Another challenge for your estate planning review during federal tax uncertainty is that states vary greatly when it comes to estate taxes. Some follow the federal laws, others have their own exemptions, and some have no tax at all. If you own assets in multiple states, under­standing each state's laws will help you formulate your estate plan.

Gifts as a Solution:

One means of leaving a legacy is gifting before your death. You can leave gifts of up to $14,000 per year per recipient without having to pay gift tax. If you gift as a married couple, you can double that amount. Under current law, transfers of property after your death are sheltered from the estate and gift tax up to 5.49 million.

Potential tax reform remains uncertain, so the best thing you can do now is ensure your plan meets your objectives using current laws, but remains flexible in the event estate laws change. Everyone's situation and asset mix is different, but we can help you stay ahead of tax reform and adjust your plan as needed.

Call us; we're here to help.

Succession Planning –

Why it's Even More Important this Year

Tax reform is making its way through the halls of our nation's capital and business owners should take note, especially if they are planning to retire in the not-too-distant future. Here are two ways proposed changes to the tax code might shape your company's succession planning strategy.

1.Tax Bracket Changes:

Proposals are in the works to reduce the number of individual tax brackets to three tiers from seven. The top rate may drop to 33% from 39.6%. This is significant because many small businesses are organized as subchapter S corporations, also known as "pass-throughs." S corporations report profits, but the taxes are paid on the tax returns of the shareholders.

Because of this, if you're planning to retire with a severance package, you might want to wait to collect that compensation until after tax reform has passed. Suppose you're expecting a $500,000 payout from the business. Under current Ox rules, your income would be taxed at 39.6%. If you defer that compensation until 2018, your tax bill could be reduced by 6.6% ($33,000). In some cases, the business might recognize a deduction in the current year at the higher rate, while the individual owner recognizes income in the next year at a lower rate.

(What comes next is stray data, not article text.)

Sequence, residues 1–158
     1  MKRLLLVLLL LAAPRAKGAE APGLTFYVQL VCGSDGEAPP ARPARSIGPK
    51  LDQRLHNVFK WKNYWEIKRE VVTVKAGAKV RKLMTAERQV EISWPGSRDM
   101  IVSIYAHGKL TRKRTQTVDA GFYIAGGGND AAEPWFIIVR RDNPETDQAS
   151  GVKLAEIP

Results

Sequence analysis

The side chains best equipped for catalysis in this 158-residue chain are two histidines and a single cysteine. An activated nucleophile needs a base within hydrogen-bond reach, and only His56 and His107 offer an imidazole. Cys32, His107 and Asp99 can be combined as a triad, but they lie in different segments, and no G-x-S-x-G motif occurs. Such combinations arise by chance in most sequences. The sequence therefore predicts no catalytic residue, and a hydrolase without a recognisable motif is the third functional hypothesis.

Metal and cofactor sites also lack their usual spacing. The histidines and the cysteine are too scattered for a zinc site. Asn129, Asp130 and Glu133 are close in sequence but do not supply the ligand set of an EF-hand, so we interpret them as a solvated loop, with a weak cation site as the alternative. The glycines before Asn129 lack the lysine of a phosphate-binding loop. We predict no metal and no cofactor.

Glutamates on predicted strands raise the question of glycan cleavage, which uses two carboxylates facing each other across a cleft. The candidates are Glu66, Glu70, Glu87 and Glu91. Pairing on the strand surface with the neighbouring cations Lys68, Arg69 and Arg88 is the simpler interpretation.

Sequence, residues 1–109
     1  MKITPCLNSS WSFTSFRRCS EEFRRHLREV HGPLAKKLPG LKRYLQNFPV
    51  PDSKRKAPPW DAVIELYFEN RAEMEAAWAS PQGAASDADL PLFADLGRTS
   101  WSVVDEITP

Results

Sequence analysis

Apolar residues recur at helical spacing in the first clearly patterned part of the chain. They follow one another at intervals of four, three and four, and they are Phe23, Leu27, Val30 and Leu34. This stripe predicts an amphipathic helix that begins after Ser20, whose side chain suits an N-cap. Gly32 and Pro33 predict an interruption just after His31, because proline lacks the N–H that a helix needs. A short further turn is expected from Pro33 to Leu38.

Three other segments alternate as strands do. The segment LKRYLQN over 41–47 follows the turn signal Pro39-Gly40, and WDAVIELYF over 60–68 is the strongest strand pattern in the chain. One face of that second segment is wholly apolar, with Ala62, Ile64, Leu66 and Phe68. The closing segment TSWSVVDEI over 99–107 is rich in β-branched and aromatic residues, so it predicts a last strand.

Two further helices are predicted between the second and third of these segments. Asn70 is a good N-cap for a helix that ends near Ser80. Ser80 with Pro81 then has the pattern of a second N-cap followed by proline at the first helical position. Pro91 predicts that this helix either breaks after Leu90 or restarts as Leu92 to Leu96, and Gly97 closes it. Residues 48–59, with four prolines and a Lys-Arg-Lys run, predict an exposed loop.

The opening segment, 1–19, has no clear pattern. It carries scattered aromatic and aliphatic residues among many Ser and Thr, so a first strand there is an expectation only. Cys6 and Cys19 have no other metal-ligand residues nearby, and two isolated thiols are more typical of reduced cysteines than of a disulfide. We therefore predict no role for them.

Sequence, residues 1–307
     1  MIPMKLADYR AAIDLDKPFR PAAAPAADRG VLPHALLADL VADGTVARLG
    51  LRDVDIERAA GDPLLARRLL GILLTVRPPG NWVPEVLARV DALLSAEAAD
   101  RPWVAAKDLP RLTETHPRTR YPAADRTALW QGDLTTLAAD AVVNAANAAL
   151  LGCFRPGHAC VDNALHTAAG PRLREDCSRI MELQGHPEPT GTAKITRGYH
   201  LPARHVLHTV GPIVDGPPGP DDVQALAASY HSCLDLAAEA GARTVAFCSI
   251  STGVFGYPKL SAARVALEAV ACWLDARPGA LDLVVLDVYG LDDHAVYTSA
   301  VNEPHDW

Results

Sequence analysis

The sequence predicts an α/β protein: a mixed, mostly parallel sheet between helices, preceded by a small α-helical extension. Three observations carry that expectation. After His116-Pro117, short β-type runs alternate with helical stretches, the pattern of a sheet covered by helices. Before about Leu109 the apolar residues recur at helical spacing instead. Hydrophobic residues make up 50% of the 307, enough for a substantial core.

Bottom line: Anticipating changes in the tax law can help you plan for a smooth and economically sound transition. But it pays to sweat the details. In most cases, compensation arrangements should be amended for tumultuous tax years.

2.Expense Projections and Income:

Whether you sell your business to a third party or maintain operations with existing employees, proposed changes to the tax law should be factored into your financial projections. Owners and managers will want a clear under­standing of the company's expense projections. For example, if Congress enacts currently proposed revisions to capital investment rules, the cost of doing business might fluctuate. One proposal suggests full expensing of new business investment in the year it's made. If passed, a prolonged deprecia­tion schedule could go away, and you may need to revise expense projections.

On the business income side of the ledger, changes to taxes on imports, exports, and money earned abroad are being reviewed. Under present law, American corporations pay U.S. tax on all profits, regardless of where the income is earned. Firms are allowed to defer those corporate taxes until the money earned overseas is returned or "repatriated." Congress is currently considering a change to a territorial tax system. Under such a system, profits earned abroad would not be subject to U.S. taxes, but a one-time repatriation tax would be imposed on a company's overseas profits.

Tax reform has the potential to enhance or sidetrack your company's succession plans in many ways. Regardless of the outcome, you must remain flexible. For help crafting a solid succession plan that takes tax reform into account, please call us.

Midyear 2017: This newsletter is issued annually to provide you with information about minimizing your taxes. Do not apply this general information to your specific situation without additional details. Be aware that the tax laws contain varying effective dates and numerous limitations and exceptions that cannot be summarized easily. For details and guidance in applying the tax rules to your individual circumstances, please contact us.©MC

For details or assistance, call John Y. Trent& Associates, LLC • (516) 845-5050